How to grow rhododendrons

By Andy McIndoe

Rhododendrons – jewels of the shrub world

Whether you grow them in your garden or not there is no denying that rhododendrons are amazing flowering shrubs. They are always at the forefront of my mind at this time of the year because they are such an important aspect of colour at RHS Chelsea Flower Show. Most flower naturally in late spring and their blooms are long-lasting; an important quality at a flower show as well, as in a real garden situation. They also respond well to manipulation of flowering time: flower show exhibitors use cold storage and gentle warmth to ensure that blooms are in the peak of condition at the right time.

For many the mention of rhododendron conjures an image of a big evergreen mound of a plant with shocking pink or purple flowers in large rounded heads in late spring. Shrubs suited to large gardens; a month of colour followed by eleven months of dark green. Rhododendrons need acid soil, so if your soil is alkaline you cannot grow them, but you probably yearn for them. Species, notably Rhododendron ponticum are widely naturalised in some areas, competing with native species and giving Genus Rhododendron a bad name in certain circles.

Rhododendron luteum

In reality rhododendron are a diverse group of plants that vary from small shrubs a few centimetres (inches) high to great trees reaching many metres (yards). There are both evergreen and deciduous species and perhaps this is the moment to clarify the difference between azaleas and rhododendrons. Botanically they are all Rhododendron. I often see puzzled visitors to gardens such as RHS Wisley, Surrey pondering over a label on a deciduous azalea such as Rhododendron luteum, the fragrant deciduous azalea. “I always thought this was an azalea?” I hear them say. In garden speak it is, in botanical Latin it is a rhododendron.

Rhododendron 'Diamant Group'

The same applies to the Japanese evergreen azaleas. These have small evergreen leaves and profuse single flowers; sometimes large and sometimes small. Their colours are often dazzling and given a few years some can reach up to 1.8 metres, 6ft in height with a broader spread. Usually they are much smaller than this and are ideal for small, shady gardens, either in the open ground or in pots and containers filled with a lime free growing medium. A group of evergreen azaleas in full flower has a jewel like quality. I remember staging a drift of evergreen azaleas at RHS Chelsea Flower show one year and the art student I was working with described it as arranging crushed velvet; an excellent description!

Rhododendrons and cornus at RHS Wisley

So how do you use rhododendrons (and azaleas) in the garden? Are these just large evergreen shrubs that are used to temporarily illuminate gloomy corners of large gardens? Far from it. Sadly they are often just gathered together with their own kind with little thought to colour combination and design. We’ve probably all been exposed to orange yellow and pink deciduous azaleas crammed together without a dilution factor. However when a little thought is put into a colour grouping of rhododendrons and azaleas the effect can be stunning. I loved this frothy pastel grouping of evegreen azaleas gathered around an early flowering cornus, the effect was just breathtaking.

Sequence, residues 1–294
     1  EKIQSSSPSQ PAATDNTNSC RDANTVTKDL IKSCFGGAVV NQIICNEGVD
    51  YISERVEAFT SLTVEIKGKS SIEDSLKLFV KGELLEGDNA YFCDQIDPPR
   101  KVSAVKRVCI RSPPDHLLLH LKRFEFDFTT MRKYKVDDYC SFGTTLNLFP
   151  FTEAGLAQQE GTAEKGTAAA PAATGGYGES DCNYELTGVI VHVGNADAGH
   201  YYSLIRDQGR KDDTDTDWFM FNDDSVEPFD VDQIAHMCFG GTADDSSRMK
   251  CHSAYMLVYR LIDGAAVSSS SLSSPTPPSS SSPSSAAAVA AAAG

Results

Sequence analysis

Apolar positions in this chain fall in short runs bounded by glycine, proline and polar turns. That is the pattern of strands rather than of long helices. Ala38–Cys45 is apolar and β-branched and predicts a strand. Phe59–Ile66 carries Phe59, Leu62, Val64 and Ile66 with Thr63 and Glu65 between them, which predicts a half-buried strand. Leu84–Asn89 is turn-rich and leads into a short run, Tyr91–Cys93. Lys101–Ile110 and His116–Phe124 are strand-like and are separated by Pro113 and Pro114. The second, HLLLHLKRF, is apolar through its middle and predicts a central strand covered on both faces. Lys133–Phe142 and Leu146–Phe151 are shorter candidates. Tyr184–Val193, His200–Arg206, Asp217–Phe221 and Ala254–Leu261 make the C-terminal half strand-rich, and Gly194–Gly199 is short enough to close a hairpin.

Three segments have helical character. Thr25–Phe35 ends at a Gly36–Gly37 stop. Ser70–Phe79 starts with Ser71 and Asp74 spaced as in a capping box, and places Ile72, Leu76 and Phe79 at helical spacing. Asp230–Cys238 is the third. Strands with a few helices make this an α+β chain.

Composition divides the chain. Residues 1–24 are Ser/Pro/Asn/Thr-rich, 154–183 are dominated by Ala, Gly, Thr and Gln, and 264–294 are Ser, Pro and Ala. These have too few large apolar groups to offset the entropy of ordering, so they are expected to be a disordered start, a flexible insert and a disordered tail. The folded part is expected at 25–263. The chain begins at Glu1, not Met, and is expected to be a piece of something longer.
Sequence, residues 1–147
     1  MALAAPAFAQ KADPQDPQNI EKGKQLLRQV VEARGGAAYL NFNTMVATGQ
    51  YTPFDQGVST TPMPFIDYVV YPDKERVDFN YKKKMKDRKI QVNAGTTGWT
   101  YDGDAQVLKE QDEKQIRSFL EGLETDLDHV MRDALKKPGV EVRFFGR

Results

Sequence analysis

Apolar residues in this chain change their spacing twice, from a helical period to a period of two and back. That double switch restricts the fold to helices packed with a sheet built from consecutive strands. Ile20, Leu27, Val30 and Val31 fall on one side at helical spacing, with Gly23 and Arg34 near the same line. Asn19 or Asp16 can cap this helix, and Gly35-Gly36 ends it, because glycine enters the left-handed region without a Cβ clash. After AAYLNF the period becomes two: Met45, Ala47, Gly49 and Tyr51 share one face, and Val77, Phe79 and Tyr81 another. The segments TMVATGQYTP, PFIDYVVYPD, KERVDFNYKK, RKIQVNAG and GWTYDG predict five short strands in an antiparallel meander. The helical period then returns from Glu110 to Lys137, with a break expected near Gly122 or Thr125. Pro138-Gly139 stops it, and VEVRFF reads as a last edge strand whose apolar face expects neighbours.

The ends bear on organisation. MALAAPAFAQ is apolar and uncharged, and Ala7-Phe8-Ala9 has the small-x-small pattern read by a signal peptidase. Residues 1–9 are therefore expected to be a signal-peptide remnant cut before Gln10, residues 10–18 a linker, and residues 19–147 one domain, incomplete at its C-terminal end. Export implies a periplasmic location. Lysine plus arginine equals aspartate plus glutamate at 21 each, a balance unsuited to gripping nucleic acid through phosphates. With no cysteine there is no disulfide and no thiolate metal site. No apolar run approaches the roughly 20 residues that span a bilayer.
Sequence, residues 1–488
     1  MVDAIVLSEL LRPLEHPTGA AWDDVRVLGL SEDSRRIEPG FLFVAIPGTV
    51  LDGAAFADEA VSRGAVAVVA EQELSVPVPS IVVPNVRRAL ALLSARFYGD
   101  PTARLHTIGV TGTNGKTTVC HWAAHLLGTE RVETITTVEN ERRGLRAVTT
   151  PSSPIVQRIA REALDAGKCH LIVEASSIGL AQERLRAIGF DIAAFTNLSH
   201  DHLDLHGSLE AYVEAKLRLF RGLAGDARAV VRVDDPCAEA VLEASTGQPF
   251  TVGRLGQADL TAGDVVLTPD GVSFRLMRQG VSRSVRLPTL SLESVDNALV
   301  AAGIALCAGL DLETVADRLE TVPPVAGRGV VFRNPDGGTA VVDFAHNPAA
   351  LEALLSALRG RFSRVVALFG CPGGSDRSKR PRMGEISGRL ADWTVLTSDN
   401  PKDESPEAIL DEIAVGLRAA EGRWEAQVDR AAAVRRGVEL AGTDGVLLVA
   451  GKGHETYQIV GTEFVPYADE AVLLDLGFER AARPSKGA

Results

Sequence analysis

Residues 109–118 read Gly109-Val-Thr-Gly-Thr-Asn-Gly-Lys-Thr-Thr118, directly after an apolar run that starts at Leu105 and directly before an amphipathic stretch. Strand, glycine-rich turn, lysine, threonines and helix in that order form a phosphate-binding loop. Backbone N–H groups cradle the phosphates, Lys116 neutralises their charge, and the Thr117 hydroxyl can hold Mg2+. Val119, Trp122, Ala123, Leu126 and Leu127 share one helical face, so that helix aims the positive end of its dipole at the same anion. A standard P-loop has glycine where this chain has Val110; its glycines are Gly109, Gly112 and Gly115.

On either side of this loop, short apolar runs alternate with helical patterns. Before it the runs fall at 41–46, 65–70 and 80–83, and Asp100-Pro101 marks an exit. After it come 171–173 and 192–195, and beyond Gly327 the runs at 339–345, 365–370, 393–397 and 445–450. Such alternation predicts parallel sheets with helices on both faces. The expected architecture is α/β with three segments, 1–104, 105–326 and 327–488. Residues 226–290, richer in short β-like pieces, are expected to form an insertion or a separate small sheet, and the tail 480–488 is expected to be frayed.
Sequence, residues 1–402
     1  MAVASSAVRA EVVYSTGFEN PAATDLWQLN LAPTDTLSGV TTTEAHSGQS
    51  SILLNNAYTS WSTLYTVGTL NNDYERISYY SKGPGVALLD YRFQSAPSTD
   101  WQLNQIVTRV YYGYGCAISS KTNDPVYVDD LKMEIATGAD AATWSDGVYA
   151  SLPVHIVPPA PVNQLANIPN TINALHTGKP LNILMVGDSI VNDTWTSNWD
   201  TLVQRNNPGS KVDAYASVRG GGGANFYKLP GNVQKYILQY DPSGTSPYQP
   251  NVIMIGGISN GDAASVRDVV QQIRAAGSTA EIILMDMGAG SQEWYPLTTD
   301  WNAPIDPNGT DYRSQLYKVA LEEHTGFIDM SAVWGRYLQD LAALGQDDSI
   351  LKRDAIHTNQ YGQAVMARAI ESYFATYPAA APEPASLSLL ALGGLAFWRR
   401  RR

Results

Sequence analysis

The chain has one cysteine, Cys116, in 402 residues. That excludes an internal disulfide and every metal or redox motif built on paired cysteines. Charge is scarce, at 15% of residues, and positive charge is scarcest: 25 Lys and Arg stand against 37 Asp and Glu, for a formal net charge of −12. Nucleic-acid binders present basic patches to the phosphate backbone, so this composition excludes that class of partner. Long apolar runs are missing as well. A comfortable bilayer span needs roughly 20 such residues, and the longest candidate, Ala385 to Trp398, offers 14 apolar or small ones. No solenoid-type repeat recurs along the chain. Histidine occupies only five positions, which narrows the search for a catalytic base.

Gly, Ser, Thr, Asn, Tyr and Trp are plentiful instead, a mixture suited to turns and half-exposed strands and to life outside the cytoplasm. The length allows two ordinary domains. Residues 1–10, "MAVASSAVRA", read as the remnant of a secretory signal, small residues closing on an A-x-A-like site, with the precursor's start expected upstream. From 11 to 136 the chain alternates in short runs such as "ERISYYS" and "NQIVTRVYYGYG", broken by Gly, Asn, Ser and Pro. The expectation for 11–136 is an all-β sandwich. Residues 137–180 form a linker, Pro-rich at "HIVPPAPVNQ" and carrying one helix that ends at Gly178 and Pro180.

Rhododendron loderi with bluebells

When I planted my garden, on acid sand, I wanted to incorporate some hardy hybrid rhododendrons (evergreen) and some deciduous azaleas. I’ve always loved the sight of the larger evergreen rhododendrons growing amidst a sea of bluebells under the dappled shade of trees. As we have oaks and bluebells I planted rhododendrons which sometimes flower at the same time as the bluebells. I have two young Rhododendron loderi hybrids which now reliably produce their blooms when the bluebells flower.

Rhododendron loderi

Rhododendron loderi can hardly be described as a popular garden plant, but if you have the space it is one to grow for the future. The massive trusses of funnel-shaped flowers are elegantly frilled and wonderfully fragrant. It is more open in habit than many rhododendrons and just gets better with age.

Rhododendron 'Horizon Monarch'

Many of the stronger coloured rhododendrons are more difficult to combine with other subjects. If I had to choose just one hardy rhododendron it would be ‘Horizon Monarch’, a wonderful plant raised in the US. It has good olive-green foliage and glorious blooms of clotted cream that open from orange-tinted buds. This colour is such a good mixer. I have it planted alongside the dark purple Rhododendron ‘Colonel Coen’. I often use it with purple or copper shades at RHS Chelsea Flower Show and its always one that is noticed.

Rhododendron 'Colonel Coen'

The deciduous azaleas are easier to mix with other plants; I like to think of them as more sociable. They are more open and looser in growth habit and change with the seasons; many display amazing autumn colour. Their delicate flowers are often fragrant and are carried in open clusters. I love the pale yellow and white flowering varieties such as Rhododendron daviesii, this has a delicious and powerful fragrance.

Rhododendron 'Daviesii'

Rhododendron ‘Irene Koster’ is a delicate shade of salmon pink with a gold flare in each bloom. I particularly like it under planted with the perennial honesty Lunaria rediviva. This has delicate silver-lilac flowers that sparkle amongst the lower blooms and apple-green emerging leaves of the deciduous azalea.

Rhododendron 'Irene Koster' with Lunaria rediviva

So if you’ve dismissed this amazing group of shrubs because you have the wrong soil or don’t think they will mix with other plants in your garden take another look. Many make excellent subjects for pots and containers and there is certainly a size, habit and colour to suit just about any planting combination.

Andy McIndoe

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